URL: http://www.pnas.org/contents-by-date.0.shtml
NAL Call No.: 500 N21P
Abstract: The ability to infect macrophages is a common characteristic shared among many mycobacterial species. Mycobacterium avium, Mycobacterium tuberculosis, and Mycobacterium kansasii enter macrophages, using the complement receptors CR1, CR3, CR4, and the mannose receptor. To identify M. avium genes and host cell pathways involved in the bacterial uptake by macrophages, we screened a M. avium transposon mutant library for the inability to enter macrophages. Uptake-impaired clones were selected. Sequence of six M. avium clones identified one gene involved in glycopeptidolipid biosynthesis, one gene encoding the conserved membrane protein homologue to the M. avium subsp. paratuberculosis MAP2446c gene and four others belonging to the same region of the chromosome. Analysis of the chromosome region revealed a pathogenicity island inserted between two tRNA sequences with 58% of G+C content versus 69% in the M. avium genome. The region is unique for M. avium and is not present in M. tuberculosis or M. paratuberculosis. Although the mutants did not differ from the WT bacterium regarding the binding to macrophage cell membrane, analysis of macrophage proteins after 1 h infection revealed a deficiency in the mutant to phosphorylate certain proteins on uptake. To understand M. avium interaction with two evolutionarily distinct hosts, the mutants were evaluated for Acanthamoeba castellanii invasion. The defect in the ability of the mutants to invade both cells was highly similar, suggesting that M. avium might have evolved mechanisms that are used to enter amoebas and human macrophages.
Descriptors: Mycobacterium avium , Mycobacterium avium subsp paratuberculosis, pathogenicity, ability to infect macrophages and amoebas, mutants unable to infect macrophages, inability to phosphorylate certain proteins on uptake.

De , U.K. Diagnostic approach to paratuberculosis in animals. Veterinary World. 2007; 6(4): 119-121. ISSN: 0972-8988
Abstract: This article presents the different diagnostic tests (faecal examination, bacterial culture, milk culture, biopsy, skin tests, serum biochemistry, serological tests, complement fixation tests, agar gel immunodiffusion, fluorescent antibody technique, ELISA and lymphocyte stimulation test) for Mycobacterium avium subsp. paratuberculosis. Reproduced with permission of CAB Abstracts.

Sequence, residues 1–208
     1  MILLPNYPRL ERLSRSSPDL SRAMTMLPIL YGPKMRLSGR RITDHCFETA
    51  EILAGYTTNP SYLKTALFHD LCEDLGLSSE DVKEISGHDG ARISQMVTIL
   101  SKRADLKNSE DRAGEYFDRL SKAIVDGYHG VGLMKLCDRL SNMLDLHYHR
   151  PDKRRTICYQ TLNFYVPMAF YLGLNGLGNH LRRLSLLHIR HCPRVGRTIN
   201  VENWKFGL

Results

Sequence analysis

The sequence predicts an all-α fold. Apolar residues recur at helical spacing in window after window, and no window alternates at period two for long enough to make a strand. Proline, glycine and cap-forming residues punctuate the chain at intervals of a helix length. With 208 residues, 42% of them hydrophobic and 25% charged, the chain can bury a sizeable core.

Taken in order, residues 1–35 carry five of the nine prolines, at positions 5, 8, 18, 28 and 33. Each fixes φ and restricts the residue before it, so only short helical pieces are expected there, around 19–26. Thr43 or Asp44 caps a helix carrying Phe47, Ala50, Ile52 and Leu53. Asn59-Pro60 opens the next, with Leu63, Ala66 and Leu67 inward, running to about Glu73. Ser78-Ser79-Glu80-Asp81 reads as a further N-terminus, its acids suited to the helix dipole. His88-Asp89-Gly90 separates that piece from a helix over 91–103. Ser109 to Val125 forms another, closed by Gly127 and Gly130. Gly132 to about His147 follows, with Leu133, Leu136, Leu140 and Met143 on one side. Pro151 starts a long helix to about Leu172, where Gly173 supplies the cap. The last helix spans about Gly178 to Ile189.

Descriptors: cattle, domestic animals, livestock, Johne’s disease, Mycobacterium avium subsp paratuberculosis, diagnostic procedures, biopsy, blood chemistry, complement fixation tests, cultures, ELISA, fecal examination, skin tests, fluorescent antibody technique, IFAT, immunodiagnosis, immunodiffusion, immunofluorescence tuberculosis.

De Koning, Dirk Jan; Jaffrezic, Florence; Lund, Mogens Sando; Watson, Michael; Channing, Caroline; Hulsegge, Ina; Pool, Marco H.; Buitenhuis, Bart; Hedegaard, Jakob; Hornshoj, Henrik; Jiang, Li; Sorensen, Peter; Marot, Guillemette; Delmas, Celine; Le Cao, Kim Anh; Cristobal, Magali-San; Baron, Michael D.; Malinverni, Roberto; Stella, Alessandra; Brunner, Ronald M.; Seyfert, Hans-Martin; Jensen,-Kirsty ; Mouzaki, Daphne ; Waddington, David; Jimenez Marin, Angeles; Perez Alegre, Monica; Perez Reinado, Eva; Closset, Rodrigue; Detilleux,-Johanne C.; Dovc, Peter; Lavric, Miha; Nie, Haisheng; Janss, Luc. The EADGENE microarray data analysis workshop (open access publication). Genetics Selection Evolution (Les-Ulis). 2007; 39(6): 621-631. ISSN: 0999-193X
Abstract: Microarray analyses have become an important tool in animal genomics. While their use is becoming widespread, there is still a lot of ongoing research regarding the analysis of microarray data. In the context of a European Network of Excellence, 31 researchers representing 14 research groups from 10 countries performed and discussed the statistical analyses of real and simulated 2-colour microarray data that were distributed among participants. The real data consisted of 48 microarrays from a disease challenge experiment in dairy cattle, while the simulated data consisted of 10 microarrays from a direct comparison of two treatments (dye-balanced). While there was broader agreement with regards to methods of microarray normalisation and significance testing, there were major differences with regards to quality control. The quality control approaches varied from none, through using statistical weights, to omitting a large number of spots or omitting entire slides. Surprisingly, these very different approaches gave quite similar results when applied to the simulated data, although not all participating groups analysed both real and simulated data. The workshop was very successful in facilitating interaction between scientists with a diverse background but a common interest in microarray analyses.